Tuesday, August 04, 2009

Painting - "The Signing of The Treaty of Greene Ville"

This painting hangs in the Garst Museum in Greenville, Ohio just above the fire place in the Garst House Parlor. The following information comes from the free pamphlet Guide to the Painting “The Signing of The Treaty of Greene Ville” by Howard Chandler Christy prepared by the Department of History Ohio State Archaeological and Historical Society, published by The Darke County Historical Society, reprinted January, 2007.

Howard Chandler Christy’s interest in art began early in his youth. While a young boy he displayed a native talent for drawing. At the age of 20 he went east to make illustrating his livelihood. He contributed to various periodicals, including Scribner’s Magazine, Harper’s Magazine, Collier’s Weekly, Cosmopolitan, and Hearst’s magazines.

About 1920, he turned from illustrating to portrait painting. His list of portraits is a list of many of the noted men of the twentieth century. Presidents, Cabinet officers, Congressmen, industrialists, and a large number of other well-known figures.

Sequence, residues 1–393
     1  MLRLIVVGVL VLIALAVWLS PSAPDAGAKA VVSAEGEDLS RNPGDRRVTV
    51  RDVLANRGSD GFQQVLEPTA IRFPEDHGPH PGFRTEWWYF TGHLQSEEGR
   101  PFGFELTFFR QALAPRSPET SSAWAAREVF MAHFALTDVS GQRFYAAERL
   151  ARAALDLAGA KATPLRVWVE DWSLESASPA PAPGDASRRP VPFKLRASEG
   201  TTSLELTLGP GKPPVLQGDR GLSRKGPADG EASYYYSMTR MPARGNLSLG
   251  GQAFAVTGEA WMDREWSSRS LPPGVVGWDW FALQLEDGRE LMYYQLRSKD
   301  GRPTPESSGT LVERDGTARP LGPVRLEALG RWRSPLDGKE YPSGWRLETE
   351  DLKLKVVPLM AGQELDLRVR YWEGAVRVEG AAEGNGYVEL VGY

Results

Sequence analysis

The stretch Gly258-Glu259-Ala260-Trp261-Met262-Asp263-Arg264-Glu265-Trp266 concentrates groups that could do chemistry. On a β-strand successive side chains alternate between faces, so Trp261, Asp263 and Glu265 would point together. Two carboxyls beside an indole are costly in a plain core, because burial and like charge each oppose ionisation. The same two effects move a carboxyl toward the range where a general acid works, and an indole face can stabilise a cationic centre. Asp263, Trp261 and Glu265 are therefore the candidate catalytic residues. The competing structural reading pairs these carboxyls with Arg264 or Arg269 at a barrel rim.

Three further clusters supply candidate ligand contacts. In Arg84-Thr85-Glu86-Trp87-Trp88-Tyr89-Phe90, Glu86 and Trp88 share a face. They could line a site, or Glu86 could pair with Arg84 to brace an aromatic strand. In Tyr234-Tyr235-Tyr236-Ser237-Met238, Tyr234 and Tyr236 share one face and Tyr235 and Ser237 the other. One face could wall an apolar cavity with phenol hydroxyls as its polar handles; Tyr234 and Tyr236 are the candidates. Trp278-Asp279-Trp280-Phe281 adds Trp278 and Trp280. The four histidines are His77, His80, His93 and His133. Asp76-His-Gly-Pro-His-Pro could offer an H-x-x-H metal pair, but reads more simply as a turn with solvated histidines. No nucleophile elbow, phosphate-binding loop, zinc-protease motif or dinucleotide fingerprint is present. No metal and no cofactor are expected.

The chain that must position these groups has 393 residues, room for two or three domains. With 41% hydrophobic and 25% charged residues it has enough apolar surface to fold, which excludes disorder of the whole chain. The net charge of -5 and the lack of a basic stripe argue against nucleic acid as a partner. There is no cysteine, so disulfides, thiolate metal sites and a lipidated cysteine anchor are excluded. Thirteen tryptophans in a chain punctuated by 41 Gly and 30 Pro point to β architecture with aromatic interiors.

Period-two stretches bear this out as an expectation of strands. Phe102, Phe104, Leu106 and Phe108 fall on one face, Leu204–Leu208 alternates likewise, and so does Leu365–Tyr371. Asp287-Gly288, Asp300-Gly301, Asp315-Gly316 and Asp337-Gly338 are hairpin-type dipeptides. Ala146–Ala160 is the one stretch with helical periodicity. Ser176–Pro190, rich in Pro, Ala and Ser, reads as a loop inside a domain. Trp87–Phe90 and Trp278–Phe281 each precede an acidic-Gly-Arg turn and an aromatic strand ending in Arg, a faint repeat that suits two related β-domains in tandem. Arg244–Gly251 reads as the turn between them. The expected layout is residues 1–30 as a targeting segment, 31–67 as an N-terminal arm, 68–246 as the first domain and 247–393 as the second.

The artist established himself as a painter of historic scenes when he produced the large painting, “The Signing of the Constitution.” This historic painting was commissioned by Congress in 1939, and hangs in the national Capital in Washington.

The General Assembly of the State of Ohio authorized the Ohio State Archaeological and Historical Society to secure a painting of the Signing of the Treaty of Greene Ville in January 1945; instructing that Howard Chandler Christy or some other eminent Ohio artist should be commissioned. Mr. Christy was immediately chosen to paint the picture. The necessary historical research for the scene to be portrayed was provided by the historians of the State Historical Society. The picture was completed in July. After its unveiling at Greenville on August 3, it was to be hung permanently in the state Capital at Columbus.

This is me again. The last sentence makes it sound like the real painting isn’t hanging at the museum, but it sure looked real to me. I guess it could be a reprint, but the texture seemed to be real. I wish I had read the information while I was there, so I could have asked. Oh, well, live and learn.
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